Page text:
Michelle Ng MD Management.jpg
Michelle Ng
B.Sc.
 
 

I get it. You’ve invested a lot of time and money in medical school and now you’re facing the many challenges of starting your professional career as a resident. There’s a lot to do, things to figure out – and saving money isn’t a top priority. 

For young doctors, time is tight, sleep is a luxury and the wallet might feel a bit light. How can you possibly organize yourself to save? 

It’s a lot easier than you think.

Here are five reasons that I hear all the time for not saving, followed by the strategies I offer in return. Many young physicians have used these strategies to start down the path to financial success.

1. I’m too tired

A day’s work as a resident can feel like a series of obstacles between you and some decent sleep. According to one Canadian survey, 70% of residents said they experience prolonged sleep deprivation. When you’re tapped out, it’s easy to forget about things like your finances.

Set up automatic contributions and hit the snooze button:

With automatic contributions, you only have to think about it once. And contributing even a few dollars each week or month to a savings account is enough to get started. You'll be able to rest easy, knowing that you've taken that first step.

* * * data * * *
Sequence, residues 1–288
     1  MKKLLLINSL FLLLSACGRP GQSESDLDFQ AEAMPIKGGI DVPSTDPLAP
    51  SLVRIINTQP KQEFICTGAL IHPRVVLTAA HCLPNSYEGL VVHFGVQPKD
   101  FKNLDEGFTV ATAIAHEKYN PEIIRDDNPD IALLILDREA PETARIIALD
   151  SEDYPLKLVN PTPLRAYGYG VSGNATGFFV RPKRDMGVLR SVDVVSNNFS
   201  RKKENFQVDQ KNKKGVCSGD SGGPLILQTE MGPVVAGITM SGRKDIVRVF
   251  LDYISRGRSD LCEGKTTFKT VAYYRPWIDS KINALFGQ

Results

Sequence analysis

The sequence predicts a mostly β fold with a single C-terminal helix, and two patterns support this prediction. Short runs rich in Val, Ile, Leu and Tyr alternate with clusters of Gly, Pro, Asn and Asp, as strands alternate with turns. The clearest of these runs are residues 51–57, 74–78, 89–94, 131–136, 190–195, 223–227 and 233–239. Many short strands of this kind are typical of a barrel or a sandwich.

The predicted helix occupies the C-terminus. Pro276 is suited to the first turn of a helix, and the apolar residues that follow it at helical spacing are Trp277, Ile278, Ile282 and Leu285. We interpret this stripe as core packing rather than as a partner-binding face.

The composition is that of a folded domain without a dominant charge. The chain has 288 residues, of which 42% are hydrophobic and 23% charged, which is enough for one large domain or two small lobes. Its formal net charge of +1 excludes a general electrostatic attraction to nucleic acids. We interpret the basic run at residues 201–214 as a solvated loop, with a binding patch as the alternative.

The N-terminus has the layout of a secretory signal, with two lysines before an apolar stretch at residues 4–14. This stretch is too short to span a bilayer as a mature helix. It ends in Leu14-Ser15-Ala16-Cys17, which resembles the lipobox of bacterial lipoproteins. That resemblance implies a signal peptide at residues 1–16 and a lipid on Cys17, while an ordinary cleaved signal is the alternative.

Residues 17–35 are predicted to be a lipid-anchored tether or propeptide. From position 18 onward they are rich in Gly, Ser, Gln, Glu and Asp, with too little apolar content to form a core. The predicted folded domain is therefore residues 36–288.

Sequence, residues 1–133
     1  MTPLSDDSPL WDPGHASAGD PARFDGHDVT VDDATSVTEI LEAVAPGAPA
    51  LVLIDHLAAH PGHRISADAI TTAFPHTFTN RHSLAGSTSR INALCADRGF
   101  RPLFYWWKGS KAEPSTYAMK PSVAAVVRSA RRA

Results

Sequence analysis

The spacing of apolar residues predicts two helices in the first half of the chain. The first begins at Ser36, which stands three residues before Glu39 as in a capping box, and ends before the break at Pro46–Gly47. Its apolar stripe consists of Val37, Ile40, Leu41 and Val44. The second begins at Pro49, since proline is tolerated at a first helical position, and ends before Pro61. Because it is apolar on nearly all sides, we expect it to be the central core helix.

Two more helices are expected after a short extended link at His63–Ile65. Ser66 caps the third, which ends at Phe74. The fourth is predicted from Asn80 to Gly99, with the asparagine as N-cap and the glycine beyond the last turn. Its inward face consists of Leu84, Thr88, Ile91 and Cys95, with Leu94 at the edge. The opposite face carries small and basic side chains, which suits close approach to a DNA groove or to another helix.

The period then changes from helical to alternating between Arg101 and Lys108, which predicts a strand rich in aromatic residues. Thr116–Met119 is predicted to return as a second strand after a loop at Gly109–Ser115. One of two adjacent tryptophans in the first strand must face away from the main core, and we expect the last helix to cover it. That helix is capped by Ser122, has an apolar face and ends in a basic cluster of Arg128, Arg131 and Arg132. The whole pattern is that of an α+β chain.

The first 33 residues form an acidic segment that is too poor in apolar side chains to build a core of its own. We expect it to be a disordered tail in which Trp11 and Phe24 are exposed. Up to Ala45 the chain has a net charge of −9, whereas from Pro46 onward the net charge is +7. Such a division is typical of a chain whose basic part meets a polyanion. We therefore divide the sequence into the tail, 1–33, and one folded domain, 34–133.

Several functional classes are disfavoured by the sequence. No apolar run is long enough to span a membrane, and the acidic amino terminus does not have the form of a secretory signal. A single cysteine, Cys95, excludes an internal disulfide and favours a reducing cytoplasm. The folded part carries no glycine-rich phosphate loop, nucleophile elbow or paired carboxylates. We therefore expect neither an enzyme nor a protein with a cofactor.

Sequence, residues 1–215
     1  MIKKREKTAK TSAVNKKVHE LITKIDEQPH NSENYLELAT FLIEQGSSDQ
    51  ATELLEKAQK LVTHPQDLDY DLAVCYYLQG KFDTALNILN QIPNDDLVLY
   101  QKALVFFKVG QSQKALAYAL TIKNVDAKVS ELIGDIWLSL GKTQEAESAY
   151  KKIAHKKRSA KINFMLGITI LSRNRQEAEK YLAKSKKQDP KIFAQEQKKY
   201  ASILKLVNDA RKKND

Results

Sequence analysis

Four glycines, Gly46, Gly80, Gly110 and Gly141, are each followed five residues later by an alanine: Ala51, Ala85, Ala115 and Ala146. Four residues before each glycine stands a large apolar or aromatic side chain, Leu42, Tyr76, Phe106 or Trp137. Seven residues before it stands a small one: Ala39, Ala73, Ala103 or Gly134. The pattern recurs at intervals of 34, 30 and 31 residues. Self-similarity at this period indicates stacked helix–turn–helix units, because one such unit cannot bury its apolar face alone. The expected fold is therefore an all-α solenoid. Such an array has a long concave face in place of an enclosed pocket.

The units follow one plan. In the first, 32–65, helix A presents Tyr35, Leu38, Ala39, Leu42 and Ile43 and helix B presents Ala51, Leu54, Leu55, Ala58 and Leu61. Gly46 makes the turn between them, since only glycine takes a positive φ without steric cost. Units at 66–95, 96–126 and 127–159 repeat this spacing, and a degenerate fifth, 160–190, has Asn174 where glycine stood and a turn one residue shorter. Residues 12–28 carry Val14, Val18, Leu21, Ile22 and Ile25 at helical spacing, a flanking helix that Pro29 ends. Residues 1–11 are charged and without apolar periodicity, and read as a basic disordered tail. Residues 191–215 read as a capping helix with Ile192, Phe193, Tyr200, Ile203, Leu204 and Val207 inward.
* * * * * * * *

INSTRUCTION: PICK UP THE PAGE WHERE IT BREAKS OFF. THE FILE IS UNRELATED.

2. I don’t have time

Your day-to-day includes clinical duties, study, research and volunteer work – plus everything happening in your personal life. Lack of time can seem like a constant barrier in your life.  

Get time working for you:

Set up that small automatic contribution we talked about and let time work its magic. The sooner you start, the more you’ll benefit from compound growth over time. As busy as you are, time can be on your side. Even a small amount, $25 a week can really add up over time, as you can see in this example. Assuming a 4% rate of return, saving $25 a week for 10 years will earn you almost $3,000 from your small investment.

$13,000 (total contributions)

+ $2,972 (compound returns)

= $15,972 (total value)

Check out the MD compound growth calculator to see what other amounts and contribution frequencies could achieve in savings. 

3. I have a family to support

Finding work-life balance is particularly difficult for physicians in training and it’s even tougher for those who are parents. Stretching your income to cover immediate needs like child care and other necessities makes saving seem like a low priority.

Choose one family savings goal and make it a priority:

You may have heard of “paying yourself first” when you get your paycheque. This means putting some money aside as savings before dealing with bills, debt or anything else. Focus on saving toward a single family goal for now: down payment on a home, education for your child or a vacation. Whatever it is set aside a certain amount each week or month. 

4.  I have debts to deal with first

Loans or lines of credit are a reality of medical school. Training-related debt may cast a large shadow over the income you’re earning in residency. Shouldn’t you repay your debts first before saving?